China’s overnight rate rises as bill sales seen curbing cash

Three-month bills being sold again

China’s overnight money-market rate rose for a second day on speculation the central bank’s resumption of bill sales will curb the supply of cash in the financial system.

The People’s Bank of China sold 10 billion yuan ($1.6 billion) of three-month bills at a yield of 2.91 percent yesterday, the first issue of such securities since December 2011, according to a statement on its website. Prior to that, the monetary authority has only used 28- or 91-day repurchase contracts to drain capital since February.

The one-day repurchase rate, which measures interbank funding availability, rose three basis points to 2.14 percent, according to a weighted average rate compiled by the National Interbank Funding Center. It fell 85 basis points this week. The seven-day repurchase rate touched a two-week high of 4 percent today before dropping 13 basis points to 2.98 percent.

“Liquidity won’t be overly loose any more,” said Song Qiuhong, a bond analyst at Foshan Shunde Rural Commercial Bank Co. in Foshan, a city in the southern province of Guangdong. “The seven-day repo may stay above 3.3 percent most of the time this quarter.”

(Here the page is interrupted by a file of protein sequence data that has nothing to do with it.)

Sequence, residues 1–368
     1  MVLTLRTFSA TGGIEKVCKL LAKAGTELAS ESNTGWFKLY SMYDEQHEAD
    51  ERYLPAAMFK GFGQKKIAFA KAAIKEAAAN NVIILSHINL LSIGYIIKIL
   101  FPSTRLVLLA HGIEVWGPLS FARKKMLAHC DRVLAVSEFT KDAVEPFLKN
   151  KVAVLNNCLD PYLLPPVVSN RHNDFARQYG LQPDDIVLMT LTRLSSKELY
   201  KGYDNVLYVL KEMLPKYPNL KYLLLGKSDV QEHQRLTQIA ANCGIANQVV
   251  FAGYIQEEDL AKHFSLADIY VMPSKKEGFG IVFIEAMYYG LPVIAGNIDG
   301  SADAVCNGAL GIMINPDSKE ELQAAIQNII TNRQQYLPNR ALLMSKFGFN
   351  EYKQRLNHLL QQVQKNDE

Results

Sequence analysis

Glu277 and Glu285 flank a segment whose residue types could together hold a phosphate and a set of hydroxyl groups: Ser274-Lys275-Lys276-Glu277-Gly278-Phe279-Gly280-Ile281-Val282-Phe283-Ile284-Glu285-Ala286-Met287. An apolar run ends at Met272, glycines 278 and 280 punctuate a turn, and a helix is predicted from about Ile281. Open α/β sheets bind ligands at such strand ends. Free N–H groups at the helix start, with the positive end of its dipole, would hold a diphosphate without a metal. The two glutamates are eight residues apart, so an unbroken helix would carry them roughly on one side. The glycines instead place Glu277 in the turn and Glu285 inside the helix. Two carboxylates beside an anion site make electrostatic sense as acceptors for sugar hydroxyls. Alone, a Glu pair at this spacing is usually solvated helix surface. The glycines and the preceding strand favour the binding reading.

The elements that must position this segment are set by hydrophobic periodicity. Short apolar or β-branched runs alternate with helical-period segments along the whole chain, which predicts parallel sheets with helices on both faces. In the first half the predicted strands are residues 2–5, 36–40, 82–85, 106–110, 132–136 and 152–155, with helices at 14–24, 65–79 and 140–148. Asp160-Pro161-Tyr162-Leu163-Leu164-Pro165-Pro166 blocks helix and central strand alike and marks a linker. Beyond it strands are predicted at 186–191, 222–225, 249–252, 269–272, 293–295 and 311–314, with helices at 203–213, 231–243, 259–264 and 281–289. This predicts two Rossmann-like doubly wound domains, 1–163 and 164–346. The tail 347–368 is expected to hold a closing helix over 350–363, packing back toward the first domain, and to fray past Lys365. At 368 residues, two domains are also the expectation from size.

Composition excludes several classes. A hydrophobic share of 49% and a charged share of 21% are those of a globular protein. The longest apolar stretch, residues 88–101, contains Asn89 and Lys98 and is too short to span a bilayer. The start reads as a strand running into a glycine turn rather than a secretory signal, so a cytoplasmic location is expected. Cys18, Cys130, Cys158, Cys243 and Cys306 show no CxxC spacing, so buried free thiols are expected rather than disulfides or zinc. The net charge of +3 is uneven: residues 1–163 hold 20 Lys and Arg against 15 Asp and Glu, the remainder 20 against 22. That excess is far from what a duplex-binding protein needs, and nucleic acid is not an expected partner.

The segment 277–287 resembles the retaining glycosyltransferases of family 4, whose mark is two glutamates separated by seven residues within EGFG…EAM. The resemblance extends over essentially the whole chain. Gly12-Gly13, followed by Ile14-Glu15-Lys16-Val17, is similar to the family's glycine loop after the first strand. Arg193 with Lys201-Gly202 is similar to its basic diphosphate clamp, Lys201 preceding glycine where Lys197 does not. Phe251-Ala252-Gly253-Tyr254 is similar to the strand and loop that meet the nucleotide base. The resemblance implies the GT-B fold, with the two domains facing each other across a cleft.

New home prices jumped 5.3 percent from a year earlier in April, defying government efforts to cool the property market, according to SouFun Holdings Ltd., which owns the country’s biggest real-estate website. The consumer price index rose 2.4 percent last month, the most this year, official data show, while the yuan touched a 19-year high yesterday. China is tightening monetary policy even as benchmark interest rates were cut this month in South Korea, Australia, Europe and India.

The one-year swap contract, the fixed cost needed to receive the floating seven-day repurchase rate, was unchanged at 3.27 percent, according to data compiled by Bloomberg. The rate climbed six basis points, or 0.06 percentage point, this week.

Bloomberg News

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